Man was I pissed when I first learned about the VR game, I Expect You To Die. As a huge fan of spy-related capers such as the numerous incarnations of James Bond films and games, to learn that a VR espionage game existed for over a year before I discovered it, was mind-boggling, to say the least. So, you can bet that as soon as I learned that I Expect You to Die 2 was in the pipeline, I knew I had to get my hands on it, as soon as humanly possible. Does this mission self-destruct, or does it end up telling an awe-inspiring tale of action and intrigue?
There is just something about playing a puzzle-heavy title like I Expect You to Die 2 that can mess with your head, something fierce. One moment you are on top of the world and feeling like the smartest man in the freaking universe. Shortly thereafter, the other shoe drops, and suddenly that high is transformed into shockingly deep lows of total idiocy. Nothing says “I’m a dumbass” like opening up an unlabeled drawer, only for it to instantaneously explode in your face, like the shittiest version of Wile E. Coyote to ever exist. Fortunately for everyone involved, there are far more highs than lows here.
Seated, yet deadly
If you’re familiar with the series’ initial offering, you probably have a good idea of what to expect from the sequel. Newcomers, however, will have a bit of learning to do. In I Expect You to Die 2, you are a spy assigned with the rather predictable task of saving the world, without ever getting out of your seat. Yes, you did read that right. You never actually get up from a chair, for the entirety of the campaign. You must be one hell of an agent because not even Bond could pull that off!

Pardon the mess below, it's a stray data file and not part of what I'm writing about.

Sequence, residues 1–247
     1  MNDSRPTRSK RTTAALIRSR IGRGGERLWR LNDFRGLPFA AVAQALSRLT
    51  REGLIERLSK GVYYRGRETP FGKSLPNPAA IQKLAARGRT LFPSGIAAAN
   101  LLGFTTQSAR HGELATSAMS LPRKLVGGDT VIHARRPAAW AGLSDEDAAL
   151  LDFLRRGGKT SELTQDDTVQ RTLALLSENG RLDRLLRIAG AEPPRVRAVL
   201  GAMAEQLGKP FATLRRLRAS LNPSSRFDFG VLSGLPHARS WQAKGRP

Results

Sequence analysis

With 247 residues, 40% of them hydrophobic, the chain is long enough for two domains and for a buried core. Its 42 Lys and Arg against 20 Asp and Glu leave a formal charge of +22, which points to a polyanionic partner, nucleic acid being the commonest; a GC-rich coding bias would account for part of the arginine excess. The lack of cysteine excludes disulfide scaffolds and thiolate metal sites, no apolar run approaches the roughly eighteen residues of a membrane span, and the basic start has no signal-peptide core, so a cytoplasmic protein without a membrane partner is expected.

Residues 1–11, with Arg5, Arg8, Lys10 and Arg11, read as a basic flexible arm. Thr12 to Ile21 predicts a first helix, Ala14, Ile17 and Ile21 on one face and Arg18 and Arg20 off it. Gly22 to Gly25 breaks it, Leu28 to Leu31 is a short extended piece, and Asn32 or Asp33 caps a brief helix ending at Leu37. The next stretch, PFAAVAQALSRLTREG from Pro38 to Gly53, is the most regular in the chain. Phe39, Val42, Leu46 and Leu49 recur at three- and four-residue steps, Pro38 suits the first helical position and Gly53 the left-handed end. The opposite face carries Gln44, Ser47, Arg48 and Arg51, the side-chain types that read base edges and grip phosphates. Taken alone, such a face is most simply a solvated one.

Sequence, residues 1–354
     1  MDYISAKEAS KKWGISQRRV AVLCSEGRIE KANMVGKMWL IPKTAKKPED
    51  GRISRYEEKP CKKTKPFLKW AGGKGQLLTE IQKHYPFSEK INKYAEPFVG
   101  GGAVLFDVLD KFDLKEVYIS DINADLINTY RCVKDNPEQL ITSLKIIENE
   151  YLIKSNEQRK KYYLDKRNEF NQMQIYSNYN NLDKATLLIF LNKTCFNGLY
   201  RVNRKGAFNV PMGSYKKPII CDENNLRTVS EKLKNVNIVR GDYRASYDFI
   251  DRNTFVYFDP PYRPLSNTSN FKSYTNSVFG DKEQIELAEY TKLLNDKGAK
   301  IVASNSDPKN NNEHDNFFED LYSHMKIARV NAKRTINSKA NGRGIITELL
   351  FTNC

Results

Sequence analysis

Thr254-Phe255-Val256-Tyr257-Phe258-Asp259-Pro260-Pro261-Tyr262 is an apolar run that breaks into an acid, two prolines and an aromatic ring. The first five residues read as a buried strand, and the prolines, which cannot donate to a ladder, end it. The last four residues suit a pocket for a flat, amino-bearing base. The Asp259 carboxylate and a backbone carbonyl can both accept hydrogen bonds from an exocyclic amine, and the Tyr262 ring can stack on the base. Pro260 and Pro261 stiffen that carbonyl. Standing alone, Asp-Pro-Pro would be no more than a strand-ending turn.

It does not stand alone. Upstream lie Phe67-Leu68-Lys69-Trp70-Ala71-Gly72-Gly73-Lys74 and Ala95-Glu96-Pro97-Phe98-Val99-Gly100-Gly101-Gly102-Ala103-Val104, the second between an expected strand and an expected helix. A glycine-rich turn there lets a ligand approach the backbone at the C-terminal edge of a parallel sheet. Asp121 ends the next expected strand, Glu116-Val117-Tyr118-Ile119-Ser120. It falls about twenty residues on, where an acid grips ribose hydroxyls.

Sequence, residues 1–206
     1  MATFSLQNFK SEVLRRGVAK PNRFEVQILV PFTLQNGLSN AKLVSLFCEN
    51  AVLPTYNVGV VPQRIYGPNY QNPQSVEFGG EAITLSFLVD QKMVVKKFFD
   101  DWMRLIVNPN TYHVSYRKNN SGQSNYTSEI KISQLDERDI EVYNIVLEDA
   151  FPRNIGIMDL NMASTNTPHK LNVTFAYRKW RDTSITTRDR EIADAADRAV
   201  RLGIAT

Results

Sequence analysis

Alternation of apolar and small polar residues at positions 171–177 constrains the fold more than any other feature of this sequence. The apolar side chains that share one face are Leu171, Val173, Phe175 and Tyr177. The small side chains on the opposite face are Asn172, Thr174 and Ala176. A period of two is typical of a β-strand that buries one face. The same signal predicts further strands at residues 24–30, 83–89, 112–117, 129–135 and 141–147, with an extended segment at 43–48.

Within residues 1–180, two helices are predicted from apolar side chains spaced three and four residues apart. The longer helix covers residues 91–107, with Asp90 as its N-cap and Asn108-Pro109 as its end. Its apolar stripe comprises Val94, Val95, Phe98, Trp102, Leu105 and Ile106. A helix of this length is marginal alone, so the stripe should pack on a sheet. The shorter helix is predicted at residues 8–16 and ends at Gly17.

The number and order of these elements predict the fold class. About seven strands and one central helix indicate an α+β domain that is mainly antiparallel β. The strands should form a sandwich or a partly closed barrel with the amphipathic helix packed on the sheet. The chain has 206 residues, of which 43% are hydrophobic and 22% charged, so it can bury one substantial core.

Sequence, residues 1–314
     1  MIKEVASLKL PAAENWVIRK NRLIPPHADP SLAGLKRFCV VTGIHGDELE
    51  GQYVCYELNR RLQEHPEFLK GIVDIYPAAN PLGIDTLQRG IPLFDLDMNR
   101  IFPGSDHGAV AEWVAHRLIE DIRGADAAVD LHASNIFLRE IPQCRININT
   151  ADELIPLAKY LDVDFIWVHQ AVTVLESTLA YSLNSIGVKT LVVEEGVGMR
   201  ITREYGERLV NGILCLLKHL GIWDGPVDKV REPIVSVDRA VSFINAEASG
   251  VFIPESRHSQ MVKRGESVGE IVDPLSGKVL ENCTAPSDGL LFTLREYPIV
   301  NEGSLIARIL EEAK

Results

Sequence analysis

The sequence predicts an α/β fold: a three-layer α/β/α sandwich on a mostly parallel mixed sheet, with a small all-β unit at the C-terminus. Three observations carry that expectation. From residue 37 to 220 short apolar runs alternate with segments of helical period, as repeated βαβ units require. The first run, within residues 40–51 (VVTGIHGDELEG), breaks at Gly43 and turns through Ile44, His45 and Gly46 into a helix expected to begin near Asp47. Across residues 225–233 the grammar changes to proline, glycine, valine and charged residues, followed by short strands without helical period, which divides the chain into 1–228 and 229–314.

As part of your core objectives, you take on a huge swath of different tasks ranging from preventing an entire theater of people being presumably gassed to death, to breaking into a lab of nefarious enemies, such as The Fabricator. That is just the proverbial tip of the iceberg when it comes to all of the shenaniganry going on behind the scenes of each mission. Armed with telekinesis gloves that allow you to grab and move objects from across a room, at its core, you’re essentially solving a series of escape rooms to ensure the survival of humanity.
For those that are uninitiated to the concept of an escape room, you’re essentially charged with solving a series of rapidly escalating puzzles, to escape captivity. Sure, in this case, the fate of the world is in the balance, but the stakes and challenges in each room seem far more manageable than a single, massive objective. More simplistic tasks like finding a hidden map on a plane, dodging laser turrets, and turning dials in a very specific way help keep the action approachable, while never losing sight of the bigger goal.